4.2.4. Effects of Negative Practice

The NP component of SVT was highly effective across outcome measures based on results from both the mixed model and the ANOVA analysis of effect size. This was observed in auditory–perceptual outcomes in patients with primary and secondary MTVD, and across the whole cohort in acoustic measures. Negative practice (also called old way/new way) is thought to be a form of proactive interference that promotes forgetting of the old movement [103] and is commonly used in SLP and voice therapy [25,104,105]. The plateau in outcome from SVQ variants and NP may be explained by the function of NP to maintain the improvements resulting from SVQ variants, which may have resulted in a reduction in performance in the short term in some cases. As NP reintroduces the ‘old’ pre-treatment movement pattern, it is also possible that the performance parameters of the ‘new way’ are temporarily shifted until a clear differentiation between the generalised motor program for the two voice modes are well established. It is therefore conceivable that one session of NP with subsequent practise may have temporarily destabilised consistent access to the improved technique, resulting in temporary reduction in voice quality. As NP is designed to assist with generalisation and maintenance of a newly acquired skill and to extinguish access to the old suboptimal movement, an improvement in voice quality may not occur but rather a stabilisation of improvement may be more likely, as was observed in this study. Analysis of subsequent sessions is required to evaluate if habitual voice quality returned to post-SVQ levels and was retained in the long term.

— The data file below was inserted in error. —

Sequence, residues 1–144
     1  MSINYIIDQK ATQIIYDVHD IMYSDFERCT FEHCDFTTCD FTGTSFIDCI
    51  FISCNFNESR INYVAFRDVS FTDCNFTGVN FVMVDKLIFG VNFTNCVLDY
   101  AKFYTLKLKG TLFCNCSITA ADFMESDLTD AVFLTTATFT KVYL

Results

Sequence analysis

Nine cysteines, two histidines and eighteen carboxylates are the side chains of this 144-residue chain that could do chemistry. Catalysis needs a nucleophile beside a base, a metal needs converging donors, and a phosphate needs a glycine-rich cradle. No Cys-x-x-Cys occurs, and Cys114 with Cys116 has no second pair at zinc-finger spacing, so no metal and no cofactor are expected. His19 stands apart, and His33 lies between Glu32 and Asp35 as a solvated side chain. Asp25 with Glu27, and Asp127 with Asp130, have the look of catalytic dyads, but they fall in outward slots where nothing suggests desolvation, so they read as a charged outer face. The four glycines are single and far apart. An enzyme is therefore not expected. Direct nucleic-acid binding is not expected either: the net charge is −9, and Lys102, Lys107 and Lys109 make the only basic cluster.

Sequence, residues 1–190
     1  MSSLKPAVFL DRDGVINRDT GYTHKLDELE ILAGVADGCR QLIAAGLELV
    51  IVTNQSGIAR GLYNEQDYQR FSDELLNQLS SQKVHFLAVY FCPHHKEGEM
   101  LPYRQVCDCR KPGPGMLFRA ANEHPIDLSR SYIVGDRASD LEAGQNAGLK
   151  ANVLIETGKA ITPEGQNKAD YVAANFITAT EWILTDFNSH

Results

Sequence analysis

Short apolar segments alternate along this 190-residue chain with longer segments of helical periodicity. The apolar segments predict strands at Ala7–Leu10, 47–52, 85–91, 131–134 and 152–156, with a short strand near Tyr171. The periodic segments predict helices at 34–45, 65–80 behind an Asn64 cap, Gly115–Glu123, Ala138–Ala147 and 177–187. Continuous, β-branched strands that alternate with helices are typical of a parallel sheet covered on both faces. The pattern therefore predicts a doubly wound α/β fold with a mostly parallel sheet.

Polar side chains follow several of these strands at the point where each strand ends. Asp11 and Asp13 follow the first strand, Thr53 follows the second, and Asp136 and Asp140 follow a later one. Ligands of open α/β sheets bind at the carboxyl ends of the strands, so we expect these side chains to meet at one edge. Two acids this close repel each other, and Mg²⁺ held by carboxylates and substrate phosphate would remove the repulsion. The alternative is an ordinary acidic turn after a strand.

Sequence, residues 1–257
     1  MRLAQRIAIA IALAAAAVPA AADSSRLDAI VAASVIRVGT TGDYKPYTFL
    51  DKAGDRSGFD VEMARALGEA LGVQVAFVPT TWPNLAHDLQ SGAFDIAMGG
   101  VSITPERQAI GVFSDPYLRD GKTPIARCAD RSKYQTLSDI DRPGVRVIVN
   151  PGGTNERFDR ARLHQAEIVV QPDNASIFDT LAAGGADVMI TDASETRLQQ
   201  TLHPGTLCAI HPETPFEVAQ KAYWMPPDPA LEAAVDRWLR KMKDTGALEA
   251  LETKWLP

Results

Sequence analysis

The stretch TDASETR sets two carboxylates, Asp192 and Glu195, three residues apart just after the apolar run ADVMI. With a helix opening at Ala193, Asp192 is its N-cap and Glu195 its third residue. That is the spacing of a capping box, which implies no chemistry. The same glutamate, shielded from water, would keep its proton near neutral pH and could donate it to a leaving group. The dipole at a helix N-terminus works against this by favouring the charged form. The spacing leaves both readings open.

4.3. Effect of Diagnosis and Service Delivery

Diagnosis of primary or secondary MTVD had a significant effect on auditory–perceptual voice ratings of strain only and was consistent over the four stages of the treatment. The clinical population in this study was typical of other MTVD cohorts reported in the literature, with retention rates also similar to other studies in which therapy was provided at no charge. There is significant evidence across RCTs and clinical studies that the retention of clients in voice therapy is generally poor [106]. Although the consequence of this is undocumented, high attrition runs the risk of ineffective treatment outcomes if the session dosage for the therapeutic effect is insufficient. In this study, positive therapeutic effects were observed across multiple voice outcomes within one to two sessions of 60-min durations with minimum durations of 1–2 weeks. If positive effects can be measured and demonstrated to patients within these short time frames, it is hoped that this would reduce attrition and increase compliance with further therapy recommendations.